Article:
Trouble Sleeping? Try a Bedtime routine

Aahhh. That feeling of waking up refreshed in the morning after a good nights sleep. You have energy to get through your day, your mind is clear and you feel recharged. Unfortunately, it can be hard for a lot of us to really get that refreshing sleep we need most nights.

Why is sleep so rejuvenating?

  • Sleep lets the heart take a rest as heart rate slows and blood pressure drops. The heart doesn’t have to work nearly as hard as it does during the day.
  • Sleep is when our brains make connections. All the puzzle pieces of our days are fitted together while we sleep.
  • Deeper sleep allows our bodies to produce more growth hormone. That’s important for growing children, but it’s just as important for adults too. Human growth hormone (HGH) “increase[s] bone mineralization and muscle mass, protein synthesis, cellular growth, and fat breakdown” according to Dr. Sara Gottfried. Who wouldn’t want more of that? This is the hormone that helps build muscle and burn fat! And our bodies produce it when we sleep.
  • Hormones get out of whack when we’re not getting enough sleep. Ghrelin and Leptin help regulate our appetites. Without enough sleep, their messages get mixed up and our appetites can get out of whack, telling us to eat more than what our bodies really need. Source.

If you’re a parent, you’ve probably heard the advice to give your kids a bedtime routine. Adults can also benefit from having a nightly routine that helps them unwind and prepare for sleep. Think of a bedtime routine as a transition between day and night. Especially if you have a busy day (like most of us seem to!), this transition is important to let our bodies prepare for a night of restful sleep.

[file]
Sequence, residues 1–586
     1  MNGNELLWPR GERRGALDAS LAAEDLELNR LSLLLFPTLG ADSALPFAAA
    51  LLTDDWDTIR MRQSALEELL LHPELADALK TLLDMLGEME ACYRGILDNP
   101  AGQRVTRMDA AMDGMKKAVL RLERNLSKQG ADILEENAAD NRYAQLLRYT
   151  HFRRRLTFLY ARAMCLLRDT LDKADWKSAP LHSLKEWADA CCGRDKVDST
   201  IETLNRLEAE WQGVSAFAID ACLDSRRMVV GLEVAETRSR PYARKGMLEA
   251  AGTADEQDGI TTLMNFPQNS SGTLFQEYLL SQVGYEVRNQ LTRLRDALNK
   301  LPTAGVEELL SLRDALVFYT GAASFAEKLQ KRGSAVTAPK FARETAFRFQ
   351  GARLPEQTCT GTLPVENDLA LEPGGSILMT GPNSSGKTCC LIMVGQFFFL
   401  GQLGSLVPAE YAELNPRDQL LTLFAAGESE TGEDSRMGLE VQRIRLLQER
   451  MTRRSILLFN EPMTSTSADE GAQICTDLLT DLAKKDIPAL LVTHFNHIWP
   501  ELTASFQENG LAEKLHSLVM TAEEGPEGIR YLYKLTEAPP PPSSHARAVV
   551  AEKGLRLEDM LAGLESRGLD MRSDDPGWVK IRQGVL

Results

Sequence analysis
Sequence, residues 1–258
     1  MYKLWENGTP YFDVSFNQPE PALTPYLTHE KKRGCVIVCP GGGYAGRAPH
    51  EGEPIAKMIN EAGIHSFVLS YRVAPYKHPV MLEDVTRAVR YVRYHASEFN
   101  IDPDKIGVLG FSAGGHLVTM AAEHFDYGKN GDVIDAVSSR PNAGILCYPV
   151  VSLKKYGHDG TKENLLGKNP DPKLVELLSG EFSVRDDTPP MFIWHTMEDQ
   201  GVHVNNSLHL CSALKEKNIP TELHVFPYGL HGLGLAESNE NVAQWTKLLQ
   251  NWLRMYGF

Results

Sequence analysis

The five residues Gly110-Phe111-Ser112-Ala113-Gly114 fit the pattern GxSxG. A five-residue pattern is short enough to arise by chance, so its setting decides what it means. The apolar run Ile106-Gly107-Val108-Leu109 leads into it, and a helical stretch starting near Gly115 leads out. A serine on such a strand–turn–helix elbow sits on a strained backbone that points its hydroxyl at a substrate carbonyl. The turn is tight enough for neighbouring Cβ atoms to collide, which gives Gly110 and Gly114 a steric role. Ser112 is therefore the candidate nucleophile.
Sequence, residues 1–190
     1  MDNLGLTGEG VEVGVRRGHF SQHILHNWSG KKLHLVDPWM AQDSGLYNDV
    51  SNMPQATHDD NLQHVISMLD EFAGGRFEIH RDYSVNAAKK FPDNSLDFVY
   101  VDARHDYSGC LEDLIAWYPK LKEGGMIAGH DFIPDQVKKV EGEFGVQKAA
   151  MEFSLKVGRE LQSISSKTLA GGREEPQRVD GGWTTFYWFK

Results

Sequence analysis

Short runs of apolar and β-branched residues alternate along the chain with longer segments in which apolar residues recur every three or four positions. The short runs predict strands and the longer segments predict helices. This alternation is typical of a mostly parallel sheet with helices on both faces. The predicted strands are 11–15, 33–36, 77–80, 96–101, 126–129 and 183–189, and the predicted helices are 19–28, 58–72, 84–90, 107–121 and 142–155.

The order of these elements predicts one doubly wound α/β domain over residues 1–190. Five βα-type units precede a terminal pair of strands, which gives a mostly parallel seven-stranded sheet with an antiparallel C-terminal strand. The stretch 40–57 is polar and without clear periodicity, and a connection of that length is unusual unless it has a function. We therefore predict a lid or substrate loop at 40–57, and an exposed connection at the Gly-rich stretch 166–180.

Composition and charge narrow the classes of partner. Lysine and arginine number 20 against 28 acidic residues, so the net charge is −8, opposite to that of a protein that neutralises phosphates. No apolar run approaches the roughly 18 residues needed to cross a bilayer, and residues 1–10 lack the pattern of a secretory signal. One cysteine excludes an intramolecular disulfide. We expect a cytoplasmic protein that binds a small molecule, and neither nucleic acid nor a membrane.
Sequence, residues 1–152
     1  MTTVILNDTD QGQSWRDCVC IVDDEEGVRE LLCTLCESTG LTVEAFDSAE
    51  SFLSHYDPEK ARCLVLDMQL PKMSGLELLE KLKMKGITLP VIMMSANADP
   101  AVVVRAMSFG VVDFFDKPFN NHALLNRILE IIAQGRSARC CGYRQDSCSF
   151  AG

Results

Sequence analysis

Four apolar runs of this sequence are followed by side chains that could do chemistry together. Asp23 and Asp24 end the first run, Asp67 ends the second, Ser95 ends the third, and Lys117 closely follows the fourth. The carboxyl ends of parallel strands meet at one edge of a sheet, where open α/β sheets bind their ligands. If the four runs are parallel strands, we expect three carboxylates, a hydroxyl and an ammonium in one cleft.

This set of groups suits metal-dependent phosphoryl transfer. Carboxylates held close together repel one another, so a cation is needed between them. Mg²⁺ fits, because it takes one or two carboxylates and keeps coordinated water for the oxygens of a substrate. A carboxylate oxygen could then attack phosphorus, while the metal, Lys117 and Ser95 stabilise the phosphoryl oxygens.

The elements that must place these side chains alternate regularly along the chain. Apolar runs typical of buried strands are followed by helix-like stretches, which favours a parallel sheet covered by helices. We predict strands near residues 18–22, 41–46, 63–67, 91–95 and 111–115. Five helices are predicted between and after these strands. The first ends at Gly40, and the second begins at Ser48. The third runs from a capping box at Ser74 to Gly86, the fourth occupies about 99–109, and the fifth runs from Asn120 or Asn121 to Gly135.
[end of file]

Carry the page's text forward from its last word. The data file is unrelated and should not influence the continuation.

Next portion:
Most adults need between 7 and 9 hours of sleep per night. Many people think they need less, but the truth is, a lot of us need more than what we’re getting! Ensuring you are getting enough sleep means having a fairly consistent bedtime every night.

Exposure to Light

Your sleep is influenced by the amount of light you are exposed to during the day. Make sure you are spending some time outside each day and getting exposure to natural light.

Start your nighttime routine by turning off electronics. Turn off the TV, the iPad, the computer and the smart phone at least a half hour before bed. The light itself can interrupt circadian rhythms as it mimics the blue light we see in daytime. Besides the light itself, the content is stimulating and makes it harder to shut down our minds.

Ideas for your bedtime routine:

Read a book. My husband and I like to read out loud to each other.

Diffuse some lavender oil in an oil diffuser. You can also use lavender oil on your pillowcase or rubbed into the soles of the feet.

Take a warm bath. You don’t want the water to be too hot because it can raise your temperature, making it harder to fall asleep.

Try a few relaxing yoga stretches. Stretching the hamstrings is a great release that can help with insomnia.

A gentle massage from your spouse is a wonderful way to transition into night and can be very helpful after a stressful day.

Take a minute to plan out your day tomorrow. Writing it down can help calm the mind and prepare it for sleep.

Write down what went right. I keep a journal by the side of my bed where I right down what I’m thankful for every night before I go to sleep. It is a wonderful practice to create joy in your life. It also creates an environment for sleep by getting your mind off the things that might be bothering you.

What other things have you found helpful in your bedtime routine?

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